Monday, June 15, 2009

Early Saturday morning

A few weeks ago, I decided I would volunteer for the Renaissance Half Marathon. I wasn't sure what job I wanted to do, but I figured I'd come and support my sister and her husband as they ran this race. I managed to recruit one of my sisters, my niece, her boyfriend, and a friend to come and be part of the water crew at Mile 8.

Saturday came very early for us, since we had to report to our stations by 5:15 and we live 1 hr away from the race. As I was getting ready that morning, I kept wondering if I had lost my mind. Why on earth would anyone get up so early to go and hand out water to people who are even crazier than me?

We arrived at our station in the Bridgewater subdivision. Wow. Those houses are enormous, big enough to fit the entire Duggar family! We picked up our jaws from the ground, and started to set up. Coffee hadn't started working yet, some people were trying to be the "boss" and well, no one was getting paid so we didn't exactly appreciate the attitude. Finally we started to see runners coming up.

Our station was Mile 8 of 13.1. The front of the pack fit the stereotypical picture of a runner: fit, faster than a speeding bullet, and "in the zone". Most didn't want any water, others wanted us to throw water at them to cool them off. They went by us rather quickly, we were all in awe to see them disappear as quickly as they approach our table, like a bunch of gazelles. Some of them you could hardly hear breathing.

Then the middle of the pack started to show up, the real people, people like you and me who enjoy running and don't care if they ever win a medal. They are just loving it.
Some of them thanked us for being there, for cheering them on, for getting up so early to help out. I saw several people I knew, some from work, others whom I had trained with for the Chicago marathon.

The back of the pack were mostly walkers, but boy, can they walk! They smiled, they were just happy to be there, and didn't seem bothered by the fact they still had 5 miles to go before they could claim their medals. They were happy to be doing it.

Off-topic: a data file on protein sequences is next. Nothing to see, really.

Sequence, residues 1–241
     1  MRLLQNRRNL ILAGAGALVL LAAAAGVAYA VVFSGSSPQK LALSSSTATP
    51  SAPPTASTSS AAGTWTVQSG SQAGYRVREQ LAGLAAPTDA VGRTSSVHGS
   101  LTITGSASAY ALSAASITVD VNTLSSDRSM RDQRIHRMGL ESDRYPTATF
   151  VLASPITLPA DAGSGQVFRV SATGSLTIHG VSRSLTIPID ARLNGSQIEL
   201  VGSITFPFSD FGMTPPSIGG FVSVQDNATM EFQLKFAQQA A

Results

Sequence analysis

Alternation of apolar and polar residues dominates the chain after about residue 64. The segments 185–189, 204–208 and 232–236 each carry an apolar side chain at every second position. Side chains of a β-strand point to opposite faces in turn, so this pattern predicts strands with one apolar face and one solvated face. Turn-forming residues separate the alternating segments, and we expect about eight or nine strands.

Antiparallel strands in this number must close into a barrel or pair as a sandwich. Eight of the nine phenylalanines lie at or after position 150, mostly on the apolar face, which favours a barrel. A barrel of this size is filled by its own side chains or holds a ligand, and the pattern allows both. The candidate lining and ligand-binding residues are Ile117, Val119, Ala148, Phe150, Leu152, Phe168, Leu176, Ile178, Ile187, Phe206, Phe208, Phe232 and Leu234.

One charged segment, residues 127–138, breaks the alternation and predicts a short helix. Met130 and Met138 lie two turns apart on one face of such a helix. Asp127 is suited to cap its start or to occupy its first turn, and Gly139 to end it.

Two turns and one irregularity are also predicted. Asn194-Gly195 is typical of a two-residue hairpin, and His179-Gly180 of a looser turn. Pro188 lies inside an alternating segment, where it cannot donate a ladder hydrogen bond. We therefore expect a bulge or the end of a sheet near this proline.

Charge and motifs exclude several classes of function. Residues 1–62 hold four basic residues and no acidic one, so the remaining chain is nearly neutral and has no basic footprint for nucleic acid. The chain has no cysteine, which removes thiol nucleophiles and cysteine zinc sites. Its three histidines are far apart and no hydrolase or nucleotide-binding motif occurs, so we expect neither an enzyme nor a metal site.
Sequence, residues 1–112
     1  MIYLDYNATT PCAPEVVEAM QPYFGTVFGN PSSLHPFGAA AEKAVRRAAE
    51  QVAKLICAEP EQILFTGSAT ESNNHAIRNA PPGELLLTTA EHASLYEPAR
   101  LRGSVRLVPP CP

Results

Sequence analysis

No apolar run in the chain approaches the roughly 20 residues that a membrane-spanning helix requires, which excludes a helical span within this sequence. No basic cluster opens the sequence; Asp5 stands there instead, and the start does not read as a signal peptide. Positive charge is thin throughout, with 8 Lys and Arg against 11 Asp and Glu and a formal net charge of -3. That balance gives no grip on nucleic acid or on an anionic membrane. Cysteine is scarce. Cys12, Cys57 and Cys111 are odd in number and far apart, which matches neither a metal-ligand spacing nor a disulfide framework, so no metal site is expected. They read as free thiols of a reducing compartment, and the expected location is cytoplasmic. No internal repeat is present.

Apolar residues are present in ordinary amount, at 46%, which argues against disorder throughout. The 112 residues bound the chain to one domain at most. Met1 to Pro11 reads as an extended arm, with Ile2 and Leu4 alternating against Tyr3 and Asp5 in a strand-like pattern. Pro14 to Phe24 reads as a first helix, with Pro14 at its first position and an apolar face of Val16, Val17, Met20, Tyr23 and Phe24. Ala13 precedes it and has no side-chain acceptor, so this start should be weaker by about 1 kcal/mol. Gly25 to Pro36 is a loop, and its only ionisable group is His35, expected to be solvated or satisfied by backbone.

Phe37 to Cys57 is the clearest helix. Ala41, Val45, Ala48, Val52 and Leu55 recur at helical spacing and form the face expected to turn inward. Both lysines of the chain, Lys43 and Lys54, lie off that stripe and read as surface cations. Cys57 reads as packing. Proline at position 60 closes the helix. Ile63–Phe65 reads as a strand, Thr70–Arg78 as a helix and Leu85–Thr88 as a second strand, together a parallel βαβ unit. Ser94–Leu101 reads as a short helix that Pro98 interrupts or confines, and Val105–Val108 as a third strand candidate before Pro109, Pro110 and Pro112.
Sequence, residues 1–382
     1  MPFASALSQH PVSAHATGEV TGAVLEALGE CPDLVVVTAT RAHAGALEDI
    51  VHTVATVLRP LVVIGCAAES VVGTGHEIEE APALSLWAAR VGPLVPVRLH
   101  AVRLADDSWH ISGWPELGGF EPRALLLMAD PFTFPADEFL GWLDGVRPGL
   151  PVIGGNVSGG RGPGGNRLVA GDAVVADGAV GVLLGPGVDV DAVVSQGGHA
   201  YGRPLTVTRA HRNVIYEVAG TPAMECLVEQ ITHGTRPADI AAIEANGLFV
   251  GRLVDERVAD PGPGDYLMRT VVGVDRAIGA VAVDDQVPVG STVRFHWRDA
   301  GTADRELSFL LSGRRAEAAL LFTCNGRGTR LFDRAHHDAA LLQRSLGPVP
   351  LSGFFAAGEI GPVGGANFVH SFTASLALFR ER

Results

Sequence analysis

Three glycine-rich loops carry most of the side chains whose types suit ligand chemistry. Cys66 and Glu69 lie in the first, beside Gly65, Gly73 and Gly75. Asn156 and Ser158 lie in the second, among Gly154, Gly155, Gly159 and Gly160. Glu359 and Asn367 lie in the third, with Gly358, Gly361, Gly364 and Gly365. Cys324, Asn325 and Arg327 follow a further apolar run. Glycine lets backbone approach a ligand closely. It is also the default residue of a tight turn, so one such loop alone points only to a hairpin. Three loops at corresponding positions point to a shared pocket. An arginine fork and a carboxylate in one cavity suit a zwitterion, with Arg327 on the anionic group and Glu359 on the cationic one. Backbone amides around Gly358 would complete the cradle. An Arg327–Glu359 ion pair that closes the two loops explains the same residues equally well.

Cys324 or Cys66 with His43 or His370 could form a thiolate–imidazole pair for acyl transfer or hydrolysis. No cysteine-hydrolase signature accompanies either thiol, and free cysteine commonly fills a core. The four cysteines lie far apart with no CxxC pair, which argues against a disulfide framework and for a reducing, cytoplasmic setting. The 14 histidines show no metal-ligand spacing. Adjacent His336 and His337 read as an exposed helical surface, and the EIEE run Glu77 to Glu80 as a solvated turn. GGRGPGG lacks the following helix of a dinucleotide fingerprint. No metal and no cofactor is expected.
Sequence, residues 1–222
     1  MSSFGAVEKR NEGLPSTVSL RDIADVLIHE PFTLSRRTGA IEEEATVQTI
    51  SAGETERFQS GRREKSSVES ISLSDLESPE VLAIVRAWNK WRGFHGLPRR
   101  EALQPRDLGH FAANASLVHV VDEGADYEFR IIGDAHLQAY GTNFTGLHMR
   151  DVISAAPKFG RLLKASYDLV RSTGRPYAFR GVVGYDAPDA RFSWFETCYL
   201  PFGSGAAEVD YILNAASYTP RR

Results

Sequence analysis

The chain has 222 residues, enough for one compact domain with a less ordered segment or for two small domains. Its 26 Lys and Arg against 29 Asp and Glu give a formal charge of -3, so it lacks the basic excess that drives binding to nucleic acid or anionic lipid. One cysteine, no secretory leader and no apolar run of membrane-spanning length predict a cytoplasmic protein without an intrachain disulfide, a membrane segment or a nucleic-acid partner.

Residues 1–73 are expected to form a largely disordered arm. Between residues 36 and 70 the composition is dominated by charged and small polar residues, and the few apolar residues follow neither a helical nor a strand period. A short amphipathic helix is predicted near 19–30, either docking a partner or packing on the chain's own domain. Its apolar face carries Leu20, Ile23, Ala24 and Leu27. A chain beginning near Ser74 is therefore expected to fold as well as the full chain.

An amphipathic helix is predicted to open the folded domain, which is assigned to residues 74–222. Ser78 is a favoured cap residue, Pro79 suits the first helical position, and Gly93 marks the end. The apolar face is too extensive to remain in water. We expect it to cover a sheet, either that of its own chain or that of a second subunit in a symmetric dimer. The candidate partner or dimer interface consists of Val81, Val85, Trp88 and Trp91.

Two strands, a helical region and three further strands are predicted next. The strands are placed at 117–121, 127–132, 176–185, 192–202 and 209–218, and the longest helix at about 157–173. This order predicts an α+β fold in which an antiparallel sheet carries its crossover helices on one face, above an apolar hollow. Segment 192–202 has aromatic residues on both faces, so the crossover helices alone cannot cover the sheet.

I have to say the volunteers at our station were awesome. We never discussed it but when the first runners showed up, we started to cheer for them, as they came up the hill to our water stop. And we didn't stop until the very last person passed our water stop. We cheered them on in unison, which was very cool, because up until that morning, most of us had never met.

As I was there, watching, serving, I realized why I got up so early that day: I have been in their shoes. I know how important it is to hear a stranger call your name, cheer you on, tell you they believe you can do it. Saturday, I was one of those strangers for a lot of people. By the time they came to our stop, they had gone 8 miles and still had 5 more to go. That's where their minds would start to take over their bodies, and they'll have to pull the strength out of somewhere to finish.

For some, this was their first 13.1 miles. They had never done it before, and probably weren't sure if they could finish it. I wanted to offer some support, to let them know that finishing 8 miles was a big accomplishment and they could complete the rest.

A lady told us we were the best water stop so far, because we were cheering everyone on. She thanked us for that. That felt pretty good, I have to admit.

When we finished, we went back to the finish line to find my sister and her husband. Along the way, we passed some of the runners in their last mile towards their goal. One of them said "Oh, there you are again" and smiled. We cheered them on as we passed them and told them the finish line was close.

It was a great experience. Having been in the shoes of a runner before, I know how good it feels to have complete strangers line up the streets and cheer you on as you battle to conquer your goal. You may think it's not important if you are there or not, but runners notice the expectators and the volunteers, and they are thankful for you.

So next time there is race in town, like the MS Blues Marathon, consider coming out and cheering. You may be surprised how good it feels to know you made someone's day.